AJP chats with award-winner Dr Manya Angley, who says her lived experience as a carer ignited her passion for people with intellectual and developmental disability
Dr Manya Angley was announced as the 2021 Australian Association of Consultant Pharmacy (AACP) MIMS Consultant Pharmacist of the Year at ConPharm in Adelaide last weekend.
Dr Angley, who has been accredited with the AACP since 2010 and runs her own consultancy, Manya Angley Research and Consulting (MARAC), was recognised for her medication safety advocacy for people living with disabilities.
In September 2020, she provided powerful testimony to the Royal Commission into Violence, Abuse, Neglect and Exploitation of People with Disability where she spoke of issues with inappropriate use of medicines.
AJP asked Dr Angley about the win and her journey to where she is today.
How do you feel being recognised as the Consultant Pharmacist of the Year for 2021?
I am absolutely thrilled to receive the AACP MIMS Consultant Pharmacist of the Year Award. I feel very honoured and humbled, particularly given the line-up of past recipients but also acknowledging the many unsung heroes who are consistently providing ‘top drawer’ consultant pharmacy services – I am inspired by these folks too.
I am grateful to have had outstanding mentorship along my journey, which started with Lloyd Sansom and Andy Gilbert when I was an early career researcher at UniSA in the 1990s and I worked on the Pharmacy Guild-funded Model Practice project which laid the scaffolding for the RMMR and HMR programs we have today.
I have also had the privilege of mentors like Debbie Rigby, whose encouragement to get out of one’s comfort zone and be brave has been invaluable. Deb has also modelled tenacity: when you don’t immediately achieve your goals regarding something you are passionate about, it’s back to the drawing board. Talk to people, gather more information and change tack with your approach. It’s about focusing on the common goal – the best health outcomes for our patients.
I also have learnt so much from the students I have taught over the years, the GPs I work with in general practice, and the nurses, allied health professionals and other staff in the aged care homes I service.
My steepest learning curve has been accompanying loved ones on their ‘health journey’ as primary carer. My lived experience as a carer has certainly ignited and sustained my passion for striving for best care for people with intellectual and developmental disability, dementia and those who are palliative.
Growing up in the “outback” means I’m also passionate about improving health care services in rural and remote Australia.
While it is tremendous to receive this ‘gong’, most importantly it shines a light of the potential benefits of consultant pharmacists having enhanced opportunities to address the gaps that exist in providing best care for these people.
What personal and career steps led to you into your current position of advocating for people with disabilities?
My sister had Down syndrome and died prematurely aged 46 with dementia, and I have a 24-year-old son with autism and intellectual disability who still lives at home. Both have inspired my current position.
When I returned to academia in 2004, after a period of parenting leave, I established the Autism Research Group (ARG) which was an interdisciplinary group of researchers. Our research focused on developing a laboratory test to diagnose autism and quality use of conventional and complementary medicines in autism.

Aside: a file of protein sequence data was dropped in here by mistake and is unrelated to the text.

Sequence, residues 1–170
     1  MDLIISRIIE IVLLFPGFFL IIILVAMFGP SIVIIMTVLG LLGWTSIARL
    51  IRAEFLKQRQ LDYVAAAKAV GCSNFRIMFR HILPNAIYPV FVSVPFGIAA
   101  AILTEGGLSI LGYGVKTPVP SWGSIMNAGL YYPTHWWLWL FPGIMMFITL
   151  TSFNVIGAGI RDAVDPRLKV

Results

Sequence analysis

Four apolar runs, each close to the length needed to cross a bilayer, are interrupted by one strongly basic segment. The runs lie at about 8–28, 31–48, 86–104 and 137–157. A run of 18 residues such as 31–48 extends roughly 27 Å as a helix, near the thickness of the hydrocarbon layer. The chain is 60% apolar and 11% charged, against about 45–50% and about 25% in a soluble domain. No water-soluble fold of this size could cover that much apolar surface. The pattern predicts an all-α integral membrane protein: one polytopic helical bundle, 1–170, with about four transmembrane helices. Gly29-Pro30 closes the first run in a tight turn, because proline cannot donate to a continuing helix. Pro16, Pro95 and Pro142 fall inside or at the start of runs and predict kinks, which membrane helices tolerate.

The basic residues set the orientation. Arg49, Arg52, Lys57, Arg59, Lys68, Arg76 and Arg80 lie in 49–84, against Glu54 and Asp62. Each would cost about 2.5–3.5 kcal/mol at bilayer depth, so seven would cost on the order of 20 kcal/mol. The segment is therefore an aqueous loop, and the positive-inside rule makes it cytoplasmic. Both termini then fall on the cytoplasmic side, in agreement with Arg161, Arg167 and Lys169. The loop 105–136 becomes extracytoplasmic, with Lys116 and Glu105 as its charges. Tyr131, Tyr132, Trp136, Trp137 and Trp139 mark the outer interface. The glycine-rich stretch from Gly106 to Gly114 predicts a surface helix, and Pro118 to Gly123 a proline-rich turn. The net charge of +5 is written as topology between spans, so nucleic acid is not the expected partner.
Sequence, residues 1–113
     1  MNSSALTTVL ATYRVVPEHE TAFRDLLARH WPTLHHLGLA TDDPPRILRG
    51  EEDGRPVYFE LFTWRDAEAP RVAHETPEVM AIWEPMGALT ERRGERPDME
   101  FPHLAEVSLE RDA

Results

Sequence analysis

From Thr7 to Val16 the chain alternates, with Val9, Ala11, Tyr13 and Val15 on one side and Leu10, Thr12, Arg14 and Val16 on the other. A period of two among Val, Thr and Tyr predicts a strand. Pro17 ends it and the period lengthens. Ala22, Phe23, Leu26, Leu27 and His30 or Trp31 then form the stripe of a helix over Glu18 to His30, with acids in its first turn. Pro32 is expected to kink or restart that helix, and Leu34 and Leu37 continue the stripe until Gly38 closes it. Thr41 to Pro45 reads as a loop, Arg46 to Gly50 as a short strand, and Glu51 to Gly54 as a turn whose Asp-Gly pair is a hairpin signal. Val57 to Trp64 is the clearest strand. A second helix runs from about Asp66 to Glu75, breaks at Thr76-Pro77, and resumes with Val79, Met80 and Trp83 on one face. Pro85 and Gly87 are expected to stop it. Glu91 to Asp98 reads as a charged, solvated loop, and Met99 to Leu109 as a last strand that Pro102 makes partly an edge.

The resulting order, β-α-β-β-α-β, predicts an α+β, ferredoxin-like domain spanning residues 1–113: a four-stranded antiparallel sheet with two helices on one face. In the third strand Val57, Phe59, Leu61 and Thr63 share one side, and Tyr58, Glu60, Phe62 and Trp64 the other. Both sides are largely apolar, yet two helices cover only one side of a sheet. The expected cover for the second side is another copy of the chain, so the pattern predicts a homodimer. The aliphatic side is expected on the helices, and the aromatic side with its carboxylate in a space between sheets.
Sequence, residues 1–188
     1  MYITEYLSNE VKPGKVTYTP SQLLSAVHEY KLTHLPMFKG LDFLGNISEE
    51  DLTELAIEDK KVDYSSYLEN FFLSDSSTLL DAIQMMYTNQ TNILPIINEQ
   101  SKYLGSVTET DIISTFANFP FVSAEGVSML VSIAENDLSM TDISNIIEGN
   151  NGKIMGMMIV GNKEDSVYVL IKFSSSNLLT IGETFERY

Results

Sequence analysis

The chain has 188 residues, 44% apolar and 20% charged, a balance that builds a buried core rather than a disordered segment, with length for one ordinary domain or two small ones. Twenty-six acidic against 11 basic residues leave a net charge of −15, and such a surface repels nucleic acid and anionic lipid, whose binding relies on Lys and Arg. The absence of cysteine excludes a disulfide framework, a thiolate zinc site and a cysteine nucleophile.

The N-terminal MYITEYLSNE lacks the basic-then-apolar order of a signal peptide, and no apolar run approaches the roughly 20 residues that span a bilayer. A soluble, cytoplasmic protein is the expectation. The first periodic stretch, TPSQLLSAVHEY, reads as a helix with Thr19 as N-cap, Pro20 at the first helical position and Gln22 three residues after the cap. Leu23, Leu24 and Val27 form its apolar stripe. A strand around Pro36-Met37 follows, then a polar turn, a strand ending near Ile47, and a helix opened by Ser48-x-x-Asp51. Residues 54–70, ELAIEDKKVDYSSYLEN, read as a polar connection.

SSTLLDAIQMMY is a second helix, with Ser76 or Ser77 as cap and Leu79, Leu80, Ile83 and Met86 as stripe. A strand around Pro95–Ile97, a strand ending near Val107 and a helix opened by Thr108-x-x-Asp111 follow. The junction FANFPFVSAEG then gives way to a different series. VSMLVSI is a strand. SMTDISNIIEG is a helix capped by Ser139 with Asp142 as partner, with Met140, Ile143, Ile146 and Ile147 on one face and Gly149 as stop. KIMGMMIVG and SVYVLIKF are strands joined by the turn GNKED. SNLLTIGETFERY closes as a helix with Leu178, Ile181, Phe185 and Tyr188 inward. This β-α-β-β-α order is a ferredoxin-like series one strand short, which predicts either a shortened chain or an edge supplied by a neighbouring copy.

I became particularly interested in the overuse of misuse and overuse of antipsychotics in young people generally, and an audit revealed many of these were youngsters with intellectual and developmental disability.
Antipsychotics are powerful medicines and have a myriad of serious adverse effects, plus there is limited evidence for efficacy in managing behaviours of concern. After leaving academia in 2010, I became accredited to conduct medication reviews and was naturally drawn to conducting medication reviews for people with intellectual disability.
As I also work in aged care, it became evident that the issues with chemical restraint highlighted through the Aged Care Royal Commission were at least as much of a problem in the disability sector where there is less regulation and oversight and there is a dearth of linked data and research generally.
It was also evident that accredited pharmacists shy away from this sort of work, likely because they lack the skills and confidence, plus medication reviews are especially complex and time consuming. Presented with the opportunity to be a witness at the Disability Royal Commission, I felt morally obliged to share my professional experiences.
How can pharmacists do more in this area?
I would encourage pharmacists to embrace opportunities to upskill to increase their confidence when providing care to people with intellectual and developmental disability. Improve your skills to better understand their health care needs and how to best interact with them, especially those with complex communication needs.
Given the complexities, it is crucial that strong interprofessional relationships are forged across both the health and disability sectors. Be proactive, get in touch with local disability providers and let them know about medication reviews and how they can trigger the process. Let disability sector professionals know that medication reviews can be tailored to meet the needs of a range of clients and the staff that support them.
Now that accredited pharmacists can provide up to two follow-ups after the initial medication review i.e. a cycle of care, the benefits of the service are potentially much greater and we are well positioned to promote and support deprescribing as well as monitoring of physical health and adverse effects.
There is a lot we can do to reduce the current inequities in health care for these people. It is a very rewarding area of my practice.